Konawa: Elevation normal, water 51 and clear. Largemouth bass good on plastic worms and Carolina rigging at 5-8 ft. around weedbeds and roadbeds. White bass and hybrid striped bass good on jigs and shad at 15 ft. in discharge canal, along roadbeds and off points. Report submitted by Daryl Howser, game warden stationed in Seminole County.
 
Lower Mountain Fork River: Trout good on small flies with emerger-type patterns. March Brown emergers and dryflies have also produced lots of fish when the hatch is on. Best flies have been Zebra midges, UFOs, soft hackled hares ear, Red fox squirrel, March brown soft hackle, pheasant tail, and as always the woolly bugger. Report submitted by Beavers Bend Fly Shop.
 
McGee Creek: Elevation 1 ft. above normal, water 48 and clear. Largemouth bass fair on soft plastic lures and jig and pig at 16-30 ft. over submerged humps. Crappie fair on minnows at 16-25 ft. over cedar brush. Report submitted by Larry Luman, game warden stationed in Atoka County.
 
Robert S. Kerr: Elevation below normal, water 54 and murky. Largemouth bass fair at 6-8 ft. using plastic baits and jigs fishing the rock and woody structure next to the deeper water. Crappie fair at 10 ft. using minnows fishing the old creek channels. White bass fair at 10 ft. using minnows and jigs fishing the mouths of the major feeder creeks; fish are staging up to begin their spawning run. Blue catfish fair at 8-10 ft. using fresh cut bait fishing the windy shorelines. Report submitted by Rick Olzawski, game warden stationed in Haskell County.
 
Sardis Lake: Largemouth bass good on plastics off points and along riprap. White bass fair on grubs in the mouths of creeks. Catfish good on cut bait, live shad and minnows in creek channels and along the flats. Crappie good to excellent on shallow-timbered areas on minnows and off jigs around bridge. Walleye good around the islands and riprap. Report submitted by Allen Couch, game warden stationed in Pushmataha County.
 
Texoma: Elevation 1 ft. below normal, water 48 and clear. Striped bass fair on live bait at 15-20 ft. near the islands. Channel and blue catfish fair on live minnows at 10-20 ft. above the Hwy 70 bridge. Crappie fair on minnows and jigs at 5-15 ft. around underwater brush piles. All other fishing is slow at this time. Report submitted by Danny Club, game warden stationed in Bryan County.
 
Wister: Elevation 7 ft. above normal and murky. Largemouth bass good on soft plastic baits. Crappie good on minnows and jigs below dam. Channel and blue catfish good on cut shad below the dam. Report submitted by Randy Fennell, game warden stationed in LeFlore County.
 
SOUTHWEST
 
Altus-Lugert: Elevation 4 ½ ft. below normal and rising. Crappie and walleye poor. Trout very good in river on corn. Report submitted by Sue Hokanson, Quartz Mountain State Park.
 
Ellsworth: Elevation above normal, all floodgates closed. Crappie good at Ralph's Resort on minnows and jigs at 18-20 ft. Report submitted by Mike Carroll, game warden stationed in Comanche County.
 
Foss: Elevation 1/2 ft. below normal, water 47 and clear. Gates closed. Crappie fair around south side of lake on baby bass jigs. Striped bass hybrids fair with slabs in deep water. Walleye slow but should be spawning soon as water temp. rises. Catfish fair with stink bait. Report submitted by Eric Puyear, B & K Bait House.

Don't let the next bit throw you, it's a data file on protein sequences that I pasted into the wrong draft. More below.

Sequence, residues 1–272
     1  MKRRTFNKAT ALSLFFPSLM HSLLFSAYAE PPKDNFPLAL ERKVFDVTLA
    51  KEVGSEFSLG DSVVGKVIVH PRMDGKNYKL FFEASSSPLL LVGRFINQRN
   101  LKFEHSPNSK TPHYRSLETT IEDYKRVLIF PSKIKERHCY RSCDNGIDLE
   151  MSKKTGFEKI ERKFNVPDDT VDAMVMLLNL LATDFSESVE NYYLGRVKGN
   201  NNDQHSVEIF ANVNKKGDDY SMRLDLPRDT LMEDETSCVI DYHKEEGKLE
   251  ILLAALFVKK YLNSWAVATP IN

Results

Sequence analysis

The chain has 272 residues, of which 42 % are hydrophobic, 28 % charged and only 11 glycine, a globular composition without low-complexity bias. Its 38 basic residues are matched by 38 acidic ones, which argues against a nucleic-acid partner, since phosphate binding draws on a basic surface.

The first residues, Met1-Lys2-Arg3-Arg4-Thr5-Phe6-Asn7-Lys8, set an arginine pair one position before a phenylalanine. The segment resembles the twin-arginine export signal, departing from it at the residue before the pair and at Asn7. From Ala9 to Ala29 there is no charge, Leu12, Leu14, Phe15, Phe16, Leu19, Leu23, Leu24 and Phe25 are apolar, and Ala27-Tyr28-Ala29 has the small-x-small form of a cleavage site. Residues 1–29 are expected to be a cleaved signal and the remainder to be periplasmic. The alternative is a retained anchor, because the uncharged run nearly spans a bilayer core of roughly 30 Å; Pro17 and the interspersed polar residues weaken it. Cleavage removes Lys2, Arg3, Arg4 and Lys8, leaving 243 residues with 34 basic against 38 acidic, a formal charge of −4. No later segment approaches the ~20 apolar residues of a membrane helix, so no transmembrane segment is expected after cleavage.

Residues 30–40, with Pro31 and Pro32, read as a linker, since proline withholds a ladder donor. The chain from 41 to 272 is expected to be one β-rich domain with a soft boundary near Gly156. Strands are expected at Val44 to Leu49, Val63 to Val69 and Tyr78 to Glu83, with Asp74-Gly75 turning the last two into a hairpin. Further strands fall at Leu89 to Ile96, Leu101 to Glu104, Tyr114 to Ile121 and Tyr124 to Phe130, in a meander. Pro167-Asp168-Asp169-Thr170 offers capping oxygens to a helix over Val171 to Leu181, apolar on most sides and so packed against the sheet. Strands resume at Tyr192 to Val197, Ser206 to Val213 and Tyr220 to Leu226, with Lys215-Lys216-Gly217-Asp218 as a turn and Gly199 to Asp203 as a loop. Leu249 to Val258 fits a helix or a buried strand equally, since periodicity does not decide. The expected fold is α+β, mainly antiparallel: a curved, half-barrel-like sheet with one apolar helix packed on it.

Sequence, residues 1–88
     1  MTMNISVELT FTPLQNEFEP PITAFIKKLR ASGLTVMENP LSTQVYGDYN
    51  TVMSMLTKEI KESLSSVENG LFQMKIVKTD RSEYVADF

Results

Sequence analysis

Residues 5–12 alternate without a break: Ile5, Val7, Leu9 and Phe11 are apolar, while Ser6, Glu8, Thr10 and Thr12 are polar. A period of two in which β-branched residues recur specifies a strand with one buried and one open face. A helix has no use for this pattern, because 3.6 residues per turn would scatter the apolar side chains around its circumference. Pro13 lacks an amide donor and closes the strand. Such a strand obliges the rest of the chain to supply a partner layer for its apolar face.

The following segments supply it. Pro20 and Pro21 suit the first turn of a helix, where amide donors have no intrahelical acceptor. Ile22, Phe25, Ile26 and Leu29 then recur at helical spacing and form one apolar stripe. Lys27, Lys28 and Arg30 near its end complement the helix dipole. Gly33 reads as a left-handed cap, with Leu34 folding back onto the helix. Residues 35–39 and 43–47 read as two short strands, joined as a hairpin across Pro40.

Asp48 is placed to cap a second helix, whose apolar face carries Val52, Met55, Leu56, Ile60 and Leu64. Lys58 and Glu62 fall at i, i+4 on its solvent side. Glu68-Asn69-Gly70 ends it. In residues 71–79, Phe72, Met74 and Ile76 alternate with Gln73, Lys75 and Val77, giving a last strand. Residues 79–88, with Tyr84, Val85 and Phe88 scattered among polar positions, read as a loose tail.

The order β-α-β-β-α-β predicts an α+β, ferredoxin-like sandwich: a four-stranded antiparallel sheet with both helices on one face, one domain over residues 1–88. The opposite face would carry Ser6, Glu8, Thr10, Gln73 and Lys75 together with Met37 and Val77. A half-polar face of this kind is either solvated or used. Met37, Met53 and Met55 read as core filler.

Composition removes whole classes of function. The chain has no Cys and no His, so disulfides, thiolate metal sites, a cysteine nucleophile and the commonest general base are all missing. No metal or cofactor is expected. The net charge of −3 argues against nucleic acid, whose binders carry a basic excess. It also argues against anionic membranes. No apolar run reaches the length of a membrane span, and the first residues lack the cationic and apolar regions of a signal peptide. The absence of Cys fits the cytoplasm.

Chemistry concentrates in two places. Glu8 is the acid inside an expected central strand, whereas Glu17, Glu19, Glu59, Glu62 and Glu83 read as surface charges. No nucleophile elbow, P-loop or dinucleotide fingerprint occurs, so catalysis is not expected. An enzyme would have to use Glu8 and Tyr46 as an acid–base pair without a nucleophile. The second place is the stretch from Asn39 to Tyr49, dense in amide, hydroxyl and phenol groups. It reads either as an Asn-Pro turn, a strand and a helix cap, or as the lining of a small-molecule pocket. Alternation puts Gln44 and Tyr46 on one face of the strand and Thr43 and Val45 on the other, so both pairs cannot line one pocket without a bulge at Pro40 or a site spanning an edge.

Ft. Cobb: Elevation 1 ft. above normal. Crappie slow around marina and boat slips. Saugeye slow along east end of dam early and late. Catfish slow to fair on cut baits and on jugs. Report submitted by James Edwards Jr., game warden stationed in Caddo County.
 
Lawtonka: Elevation normal. Crappie fair to good in deep water off the dam on minnows and jigs. Report submitted by Mike Carroll, game warden stationed in Comanche County.
 
Waurika: Elevation slightly above normal, water 43 and murky. Blue catfish being caught on shad and punch bait. Crappie are being caught around timbered areas. Report submitted by Phillip Cottrill, game warden stationed in Jefferson County.
 
 
WATERFOWL REPORT FOR MARCH 5, 2008


Duck season is closed. Conservation Order Light Goose Season (COLGS) open until March 30. For zone maps and complete waterfowl hunting regulations, log on to wildlifedepartment.com.


NORTHEAST


Ft. Gibson: Lake level is 2.18 ft. above normal. Habitat condition is fair. Due to the extreme high water throughout the summer and early fall, the vegetation is in poor shape. Their are some agricultural crops in the area. Goose numbers are low. Hunting activity is low, with low success.


Webber Falls: Lake level is 2.73 ft. above normal. Habitat condition is fair, with smartweed, barnyardgrass, bidens, cut soybeans, corn, milo in area and wheat in area. Goose numbers are low. Hunting activity is low, with low success.


 

 

 

Wintertime Striper Fishing

First Big Striper of 2008

 

Introducing Angella: She is an avid fisherperson and fishes year round, Angella's favorite is Lake Eufaula and the Lower Illinois River. She is like Okiefish, where ever her travels take her, she fishes. This picture from a trip to Cozumel, Mexico. When the fish are biting and where ever, you'll most likely find Angella close by.